Saturday, 22 September 2007

Ain’t looking good for Britain…

Ever since the dawn of time (e.g, 1900), film-makers have been fascinated with the future and what lies ahead for mankind. Some seem to have pinned the metaphorical tail straight on the donkey of time, with Metropolis (1925) predicting the rise of momentous monorails and everyday flying machines; through to The Matrix (1999) who predicted our love of little blue pills. Boing.

Some of the more unforgettable science fiction movies have been created by our own British novelists: Mary Shelly, Victor Hugo, and John Wyndham. Not forgetting George Orwell and H G Wells; the very creators of British sci-fi, who are still churning out Hollywood hits such as War of The Worlds and Animal Farm. Maybe these two film giants should not be placed on the same scale, but WoTW will hopefully soon discover their mistake of believing weeds are so much cooler than pigs. Have they ever been to Yorkshire?

Let’s focus on H G Wells, a personal favourite of mine. Having read The Time Machine, and seen the movie (not counting the more recent one, but who honestly does?), anyone can see they jazzed up the original though-provoking book into an action-packed testicle fest with daring rescue missions, cannibal scenes and lava pits. I enjoyed both versions of the story, but I still wonder why they turned a cowardly scientist (let’s call him Shaggy), into a hunky liberator for the future, (let’s call him Alex). It’s quite creepy to think that even though this film was created in 1960, they added the threat of nuclear war, during the year of 1966. This kind of plot isn’t unheard of; A Clockwork Orange, 1984 and Brave New World are but a few more examples of Britain’s grim future, yet they’re all set in our past.

As I mentioned before, WoTW has become a huge hit over the last few years thanks to great actors, effects, music and directed by the legendary sci-fi guy himself; Spielberg. Although many changes were made, one of the more major ones was to shift the location from London to New York. They’re similar I guess, in that they’re both in charge, the people are large and not much else. What I really liked about the original WoTW, was the fact that I could share the protagonist’s journey through Britain and recognise certain accents or landmarks I’ve seen myself. Well that, and the hilariously appalling crash scene at the finale. Wanna know what really exterminated the alien menace? Morgan Freeman and his penguin horde.

Speaking of hordes, America has had more than it’s fair share of apocalypses. They can keep their fancy Terminators, and we’ll stick to our Triffids, thanks very much. A handful of futuristic American dystopias such as I, Robot and A Scanner Darkly are the brainchildren of writer Philip K. Dick. Although they are staged and located around the US, they all seem to stem from the typical British sci-fi themes: corrupt government, hallucinogenic drugs and the use of needless and new technologies. Sounds like a day at the races for the States, but still has it’s roots buried in the little Empire that is the United Kingdom. I should probably stop digging on at them so much, as without their superior budgets and resources, superstar films such as Blade Runner, Logan’s Run and The Running Man would never have been created! And where would that leave us? Very unfit I guess….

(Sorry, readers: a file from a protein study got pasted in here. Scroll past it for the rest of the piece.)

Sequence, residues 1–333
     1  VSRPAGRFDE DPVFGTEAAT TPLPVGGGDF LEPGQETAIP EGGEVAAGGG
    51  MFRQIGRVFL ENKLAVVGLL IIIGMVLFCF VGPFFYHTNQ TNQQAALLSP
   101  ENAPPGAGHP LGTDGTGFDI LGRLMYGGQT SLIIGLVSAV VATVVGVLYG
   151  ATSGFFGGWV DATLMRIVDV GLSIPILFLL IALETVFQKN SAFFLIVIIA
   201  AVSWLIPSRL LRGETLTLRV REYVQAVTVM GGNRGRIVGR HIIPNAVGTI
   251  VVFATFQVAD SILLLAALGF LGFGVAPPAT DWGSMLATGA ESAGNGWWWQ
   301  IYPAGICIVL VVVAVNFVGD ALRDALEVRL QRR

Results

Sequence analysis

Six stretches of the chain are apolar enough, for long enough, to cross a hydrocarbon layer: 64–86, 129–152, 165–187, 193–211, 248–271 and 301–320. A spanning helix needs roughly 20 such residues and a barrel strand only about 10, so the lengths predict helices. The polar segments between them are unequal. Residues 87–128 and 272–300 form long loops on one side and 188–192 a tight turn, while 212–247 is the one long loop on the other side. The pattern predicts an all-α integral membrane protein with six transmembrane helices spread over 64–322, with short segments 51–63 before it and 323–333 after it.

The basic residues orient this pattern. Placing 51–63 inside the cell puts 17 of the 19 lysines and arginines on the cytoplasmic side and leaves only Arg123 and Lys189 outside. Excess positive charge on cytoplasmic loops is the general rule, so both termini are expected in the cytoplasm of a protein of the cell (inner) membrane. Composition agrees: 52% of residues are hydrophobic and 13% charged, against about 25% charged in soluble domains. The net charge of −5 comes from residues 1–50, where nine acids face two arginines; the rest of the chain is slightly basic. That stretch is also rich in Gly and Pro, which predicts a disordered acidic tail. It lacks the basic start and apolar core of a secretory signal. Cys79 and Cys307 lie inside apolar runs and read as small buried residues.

Another gruesome end that Britain may inevitably face thanks to cinema is the threat of zombies, and all the merriment that surrounds them. 28 Days Later was perhaps the most profound British zombie movie, causing quite a stir in horror-circles for containing themes that remained unused until now. The zombies are quite alive in this film, but having ingested the Rage virus, they are drawn into a blood-thirsty and ultraviolent unconsciousness, where memories and reasonable thought are lost completely. To be true, it’s not the first appearance of such a style, but never has it been applied so delicately. Even the director, Danny Boyle identified “John Wyndham's The Day of the Triffids as the original inspiration for the story”. Cillian Murphy and Christopher Eccleston, both renowned British actors, are to be found amongst the credits, playing their roles superbly and realistically. With the introduction of 28 Weeks Later, and the planned 28 Months Later (2009), one cannot feel disappointed at the film industry for failing to realise once again, LEAVE THE FRIGGING SEQUALS OUT OF IT.